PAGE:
As there are eight buttons, each one represents one bit of a binary number that is returned as a byte. The button on the left returns decimal one, and the right returns 128. It can also return simultaneous presses, so pressing buttons one and eight returns 129. Consider the following sketch, which returns the values of the button presses in decimal form, then displays the value:

and the results:

Update – 21/05/2012

A reader from Brazil has used one of the modules as part of a racing simulator – read more about it here, and view his demonstration below.

Update – 08/02/2013

Great tutorial on using these with a Raspberry Pi.

These display boards were a random, successful find. When ordering from dealextreme, do so knowing that your order may take several weeks to arrive as they are not the fastest of online retailers; and your order may be coming from mainland China which can slow things down somewhat. Otherwise the modules work well and considering the minimal I/O and code requirements, are a very good deal.

Have fun and keep checking into tronixstuff.com. Why not follow things on twitterGoogle+, subscribe  for email updates or RSS using the links on the right-hand column, or join our Google Group – dedicated to the projects and related items on this website. Sign up – it’s free, helpful to each other –  and we can all learn something.

Posted in arduino, lesson, part review, raspberry pi, TM1638, tutorialComments (34)

Review: Gravitech 7-Segment Arduino Shield

Hello Readers

In this article we examine the “7-Segment Arduino Shield” received for review from the team at Gravitech in the United States. This is an Arduino Uno/Duemilanove-type compatible shield that contains four very useful items:

  • Four 7-segment LED numerical displays – driven by the NXP SAA1064 LED display driver IC;
  • A large 10mm RGB LED;
  • A Microchip 24LC128 EEPROM, and
  • A TI TMP75 digital temperature sensor.
Apart from the LED all the other components are controlled via the I2C bus. So as well as being generally useful for experimenting, monitoring temperature and so on, this is an ideal board for Arduino and I2C bus practice. (If you have not done so already, consider reading our I2C tutorial, part one and two). Let’s look at the hardware, then move on to using the features.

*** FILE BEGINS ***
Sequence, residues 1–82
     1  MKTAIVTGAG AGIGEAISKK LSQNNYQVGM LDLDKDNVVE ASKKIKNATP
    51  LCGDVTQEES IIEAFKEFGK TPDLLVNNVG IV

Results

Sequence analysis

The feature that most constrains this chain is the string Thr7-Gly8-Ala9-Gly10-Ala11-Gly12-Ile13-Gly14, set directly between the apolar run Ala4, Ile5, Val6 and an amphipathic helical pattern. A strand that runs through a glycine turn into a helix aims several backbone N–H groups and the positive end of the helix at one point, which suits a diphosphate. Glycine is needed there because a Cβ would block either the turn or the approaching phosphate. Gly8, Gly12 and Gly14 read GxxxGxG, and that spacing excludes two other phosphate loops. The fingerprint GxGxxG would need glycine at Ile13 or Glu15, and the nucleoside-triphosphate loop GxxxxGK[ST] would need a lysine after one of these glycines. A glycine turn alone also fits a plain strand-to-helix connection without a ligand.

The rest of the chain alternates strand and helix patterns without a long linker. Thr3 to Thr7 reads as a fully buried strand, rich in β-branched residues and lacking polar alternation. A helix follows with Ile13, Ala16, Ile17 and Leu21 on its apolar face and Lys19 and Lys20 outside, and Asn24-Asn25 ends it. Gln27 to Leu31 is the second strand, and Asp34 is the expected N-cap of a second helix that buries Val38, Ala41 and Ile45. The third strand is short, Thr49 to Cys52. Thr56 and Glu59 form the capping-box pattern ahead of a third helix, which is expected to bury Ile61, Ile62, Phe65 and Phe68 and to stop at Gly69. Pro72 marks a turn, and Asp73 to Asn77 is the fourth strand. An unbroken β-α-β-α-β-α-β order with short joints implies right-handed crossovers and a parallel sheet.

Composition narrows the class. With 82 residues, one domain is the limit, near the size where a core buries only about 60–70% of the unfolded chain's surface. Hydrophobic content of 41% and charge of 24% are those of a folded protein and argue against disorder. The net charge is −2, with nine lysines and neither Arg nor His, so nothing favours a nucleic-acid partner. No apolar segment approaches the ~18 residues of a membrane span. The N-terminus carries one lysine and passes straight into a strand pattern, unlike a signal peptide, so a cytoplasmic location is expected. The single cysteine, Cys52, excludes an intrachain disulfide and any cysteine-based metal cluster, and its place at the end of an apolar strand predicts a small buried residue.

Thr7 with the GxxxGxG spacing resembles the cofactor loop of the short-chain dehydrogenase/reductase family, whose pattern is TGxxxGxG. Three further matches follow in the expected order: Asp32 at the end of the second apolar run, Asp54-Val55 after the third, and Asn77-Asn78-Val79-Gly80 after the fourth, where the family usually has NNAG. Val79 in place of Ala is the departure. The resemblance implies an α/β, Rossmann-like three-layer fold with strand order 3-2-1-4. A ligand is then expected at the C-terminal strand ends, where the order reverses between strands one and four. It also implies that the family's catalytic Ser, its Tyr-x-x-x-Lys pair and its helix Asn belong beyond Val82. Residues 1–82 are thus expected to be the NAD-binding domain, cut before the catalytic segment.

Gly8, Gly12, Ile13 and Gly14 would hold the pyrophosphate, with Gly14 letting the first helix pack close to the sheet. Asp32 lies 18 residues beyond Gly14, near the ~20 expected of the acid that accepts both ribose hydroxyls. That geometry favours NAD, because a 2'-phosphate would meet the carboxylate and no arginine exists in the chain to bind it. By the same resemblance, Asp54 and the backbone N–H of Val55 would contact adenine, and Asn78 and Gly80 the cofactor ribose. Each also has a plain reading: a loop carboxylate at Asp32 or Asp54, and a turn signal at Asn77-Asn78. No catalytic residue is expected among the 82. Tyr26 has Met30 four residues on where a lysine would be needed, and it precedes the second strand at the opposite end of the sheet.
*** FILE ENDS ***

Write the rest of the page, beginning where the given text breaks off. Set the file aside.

As with other Gravitech products, the shield arrives in a reusable static shielding bag:
and here we have it:
The IC at the top-left of the shield is the TMP75 temperature sensor, bottom-left is the 24LC128 EEPROM, and the whopper below the first two digits is the NXP SAA1064. The shield layout is very neat and clean, and the white finish is a pleasant change compared to the usual black or green Arduino shields out there. The PWR LED is a blue colour. The only issues I found were that you cannot use this with a Mega due to the location of the I2C pins, and the component leads were not trimmed at the factory, which caused an issue when the shield was inserted into an Ethernet shield. This is easily solved by clipping the leads yourself:
Here is the shield in operation using the supplied demonstration sketch. The temperature is displayed in Celsius, with the LED changing colour depending on the temperature:

That is all very good, but how do we use the features of the board? Let’s look at each of the aforementioned features individually. First of all, the numeric display. The four seven-segment LED displays are controlled by the NXP SAA1064 LED display driver (data sheet (.pdf)). I have written a separate tutorial on how to use this IC, and it is completely compatible with this shield. So visit the tutorial here and put the numbers to work! Please note the I2C bus address for the SAA1064  is 0x38.

Next we have the RGB LED. Red, green and blue are connected to digital pins 3, 5 and 6 respectively. These are also pulse-width modulation pins, so you can have altering the brightness. Here is a simple demonstration sketch:

And for the curious, here it is in action:

Next, the Microchip 24LC128 EEPROM. It has 128kbit storage space, which translates to 16 kilobytes. The I2C bus address is 0x50. Once again there is a complete explanation of how to use this sort of EEPROM in another tutorial – check it out. But for quick reference the following demonstration sketch writes the numbers 0~255 to memory locations 0~255:

Although there is 16 kilobytes of memory the sketch only writes and reads to the first 255 locations. Each location can store a byte of value between zero and 255. Here is a screen shot of the serial monitor results (click to enlarge):